Withdrawal symptoms such as depression, insomnia, loss of appetite or motivation, & a persistent desire to see or contact the abusive partner are not signs of weakness of willpower or some defect in learning, but rather are measurable, predictable, and typical physiological responses occurring within our brains. Due to our intrinsic neurological craving for these neurohormones, in the absence of a new source of connection or companionship most people will return to their abuser; this is as true for men as it is for women. Someone leaving an abusive relationship needs as many trusted friends around them as possible to alleviate the “crash” of no longer receiving these provide them with a new source of these neurohormones — as well as hope, laughter, & a sympathetic ear. Unfortunately, men tend to have less established social networks, more societal pressure to remain silent, and less options & resources available to them for help.

A very real but significantly overlooked issue in many societies is the experience of men who seek support from social services or contact police when suffering from domestic abuse, which tends to be profoundly negative and often discourages men from seeking help again, thus leaving them feeling trapped & helpless in an abusive relationship. The social shame to seek help is compounded by individuals & organizations that deny the existence of domestic abuse against men or downplay its impact — a form of victim-blaming that is often unrecognized & seldom discussed.

The resources & organizations put in place to help those suffering from domestic abuse exhibit a strong gender bias; in most communities, there are essentially no resources for male victims of domestic abuse. The stigma of admitting to being abused, and the risk of being mocked, dismissed, or accused of being the perpetrator rather than the victim, is very real. It’s a common tactic of female abusers to use the social perceptions & gender biases surrounding abuse to their advantage as another tool of coercion & control and as another barrier to discourage their partner from reaching out for help, causing many of those very resources put in place to help abuse victims to instead become weapons used against them. After a few negative experiences, any man courageous enough to overcome the shame and reach out for help soon recognizes the futility of doing so, leaving many trapped in abusive relationships for years.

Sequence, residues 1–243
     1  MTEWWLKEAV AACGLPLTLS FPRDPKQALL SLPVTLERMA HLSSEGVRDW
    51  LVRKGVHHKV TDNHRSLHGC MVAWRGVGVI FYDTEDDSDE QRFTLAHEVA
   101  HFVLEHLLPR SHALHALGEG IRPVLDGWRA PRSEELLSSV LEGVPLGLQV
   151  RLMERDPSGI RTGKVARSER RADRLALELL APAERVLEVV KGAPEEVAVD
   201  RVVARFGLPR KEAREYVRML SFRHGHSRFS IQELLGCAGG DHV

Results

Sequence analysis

In a recent research article (1), two-thirds of men who sought help after suffering intimate partner violence (IPV) reported that domestic violence (DV) services were “not at all helpful” — most were not believed, and were frequently turned away. On average, there were twice as many negative experiences as positive experiences. Nearly all (95.3%) felt that these services were biased against them as males, almost half were accused of being the abuser, one-quarter were given referrals to services intended for the perpetrators of IPV rather than the victims, and 1 in 6 reported being made fun of or mocked. Only 1 out of every 4 reported the experience as positive; 75% of the time, male victims of intimate partner violence reaching out for help to domestic violence hotlines said it was a negative experience for them.

All male victims of IPV overwhelmingly reported negative experiences with the police. One-fourth of the time, calls for help made by male victims of IPV did not even receive a response. Of the remainder, only half the time was the victim’s partner recognized as the abuser, and furthermore, in those 3 out of 8 instances when the call was not simply ignored and the male was recognized as a victim, in 60% of those occurrences the police refused to arrest the perpetrator & told the victim there was nothing they could do. Many times, these negative experiences result in the victims ceasing to reach out for help. In comparison, 95% of females seeking help for IPV from DV services reported them to be helpful, and 100% described their experiences with police as positive.

Negative experiences when seeking help not only further isolate victims and keep them in abusive relationships for a longer period of time but also can themselves be traumatizing. For each incidence of a victim reporting a negative experience when seeking help, the risk of them hitting the cut-off point for PTSD increased by 37%.

The abuse suffered by male victims tends to be more covert, involving less physical violence and more psychological manipulation: intentional, repeated boundary violations specifically targeting their partner’s weaknesses, insecurities, & past emotional wounds, intended to trigger a reaction that lowers others’ perceptions of the victim’s credibility & stability are common abusive tactics of female abusers, as are triangulation & affairs committed (or threatened) with the intention to “punish” or control the victim. Female abusers may resort to physical violence, but more often inflict invisible pain through vicious criticism, isolation, withdrawal of affection, stone-walling, threats of rejection, imprisonment, or parental alienation, or tormenting their partner by flaunting their romantic/sexual activities with other men.

It is a grave disservice to the victims of such abuse to dismiss it as less harmful or less dangerous than physical violence; in the US, the rate of suicide among males has been steadily climbing for the past three decades — a sign of the consequences of failing to value the emotional experiences of men. Domestic abuse can still destroy lives & futures if it takes the form of financial misappropriation or intentionally-deceptive over-spending that leaves the victim’s credit & bank accounts in ruins, or assaults upon their professional reputation, including false allegations, defamation, slander, & words/actions intended to shame or embarrass the victim in front of their clients or colleagues, reduce their productivity, cause them to be late or fail to show up for work or important events, or deprive them of professional opportunities.